6 reasons why artificial grass is NOT low maintenance

It doesn't need mowing, reseeding or watering, so it must be easy to look after, right? We quash the myth that artificial grass is the low-maintanance solution to all your gardening woes

A small garden with artificial grass and borders with colourful flowers
(Image credit: Getty/Liyao Xie)

With the messaging to reduce our plastic use so loud and clear, it seems odd that so many are choosing to carpet their gardens with the stuff. Artificial grass, faux lawn, plastic grass – whatever you call it, it has never been so widely used. And homeowners, or renters, who choose to install it, often cite it being low maintenance as their number one reason. 

Now, we know not everyone enjoys mowing the lawn – even with the best lawn mower on hand to help – so we understand why people would want to do away with this regular outdoor chore.

However, the (fake) grass isn't always greener on the other side. As well as the negative ecological impacts of this landscaping option, a growing number of people are realizing that artificial grass maybe isn't the fuss-free choice they were sold. 

We spotted a Tweet from Central Swindon North Council in the UK, urging people to think about the possible upkeep of artificial grass before installing it. While not explicit about the volume of complaints, the Tweet indicates that in early May the council had received a number of requests to trim trees that dropped blossom and leaves onto neighboring plastic lawns. Of course, they declined to offer this service.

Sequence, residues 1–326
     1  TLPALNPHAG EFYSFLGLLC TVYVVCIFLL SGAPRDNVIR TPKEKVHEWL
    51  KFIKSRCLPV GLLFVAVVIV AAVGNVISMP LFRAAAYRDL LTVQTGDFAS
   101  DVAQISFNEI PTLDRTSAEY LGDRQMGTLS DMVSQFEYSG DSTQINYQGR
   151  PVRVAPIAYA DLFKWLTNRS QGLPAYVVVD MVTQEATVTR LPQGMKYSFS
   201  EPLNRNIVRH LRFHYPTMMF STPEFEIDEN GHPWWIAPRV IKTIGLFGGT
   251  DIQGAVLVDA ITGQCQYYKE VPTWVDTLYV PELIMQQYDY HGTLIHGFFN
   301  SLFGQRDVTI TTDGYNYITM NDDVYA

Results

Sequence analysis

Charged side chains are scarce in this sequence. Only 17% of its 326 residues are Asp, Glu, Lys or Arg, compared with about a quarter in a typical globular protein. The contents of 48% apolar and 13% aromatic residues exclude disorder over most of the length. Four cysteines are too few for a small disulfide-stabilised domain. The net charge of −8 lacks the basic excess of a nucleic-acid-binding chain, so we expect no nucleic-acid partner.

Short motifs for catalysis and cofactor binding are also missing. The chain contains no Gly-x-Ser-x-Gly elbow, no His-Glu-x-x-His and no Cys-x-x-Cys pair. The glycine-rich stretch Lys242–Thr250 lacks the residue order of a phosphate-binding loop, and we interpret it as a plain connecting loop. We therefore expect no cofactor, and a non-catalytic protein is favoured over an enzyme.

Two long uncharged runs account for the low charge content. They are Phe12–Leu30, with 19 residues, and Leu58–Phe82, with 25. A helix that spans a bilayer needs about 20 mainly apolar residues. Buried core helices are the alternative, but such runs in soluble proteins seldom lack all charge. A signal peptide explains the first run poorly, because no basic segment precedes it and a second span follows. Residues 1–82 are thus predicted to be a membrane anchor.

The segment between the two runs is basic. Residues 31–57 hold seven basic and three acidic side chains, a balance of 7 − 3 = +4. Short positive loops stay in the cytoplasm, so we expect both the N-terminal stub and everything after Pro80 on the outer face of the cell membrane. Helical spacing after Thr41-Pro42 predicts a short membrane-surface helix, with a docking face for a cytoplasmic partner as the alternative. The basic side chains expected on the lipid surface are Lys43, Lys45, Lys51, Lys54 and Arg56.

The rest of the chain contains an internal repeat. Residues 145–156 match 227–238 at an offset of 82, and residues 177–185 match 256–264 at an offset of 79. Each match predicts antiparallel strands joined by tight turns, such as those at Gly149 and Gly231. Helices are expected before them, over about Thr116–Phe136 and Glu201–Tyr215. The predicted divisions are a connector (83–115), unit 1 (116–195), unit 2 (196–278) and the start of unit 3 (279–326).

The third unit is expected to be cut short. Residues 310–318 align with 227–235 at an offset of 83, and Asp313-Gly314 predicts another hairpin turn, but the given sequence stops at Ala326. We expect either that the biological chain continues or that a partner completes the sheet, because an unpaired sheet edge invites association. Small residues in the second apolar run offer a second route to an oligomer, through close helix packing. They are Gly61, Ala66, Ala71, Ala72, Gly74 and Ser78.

But it got us thinking about the other ways artificial grass actually adds to your to-do list. And if blossom is causing a blight on these homeowners, what other drawbacks of this modern landscaping fad are coming to light?

1. It requires vacuuming, sweeping or washing

While a fake lawn means no mowing, it will need upkeep of a different kind. Anything that lands on it will need removing unless a good gust of wind carries it away. This means sweeping and vacuuming for dry mess and hosing, scrubbing or sponging for anything wet. And you'll be damned if you think your other half's best vacuum cleaner is being used outside. Who wants the expense of a dedicated 'backyard vac' though?

A real lawn handles debris very differently. Fallen leaves and petals blow away more easily from the surface – a wet artificial lawn is like velcro to blossom on the other hand. When they don't blow away on a real lawn, they are collected with the next mow or dealt with by the micro-organisms and insects that call your grass home. Failing that, a carpet of blossom is quite beautiful and only lasts a couple of weeks.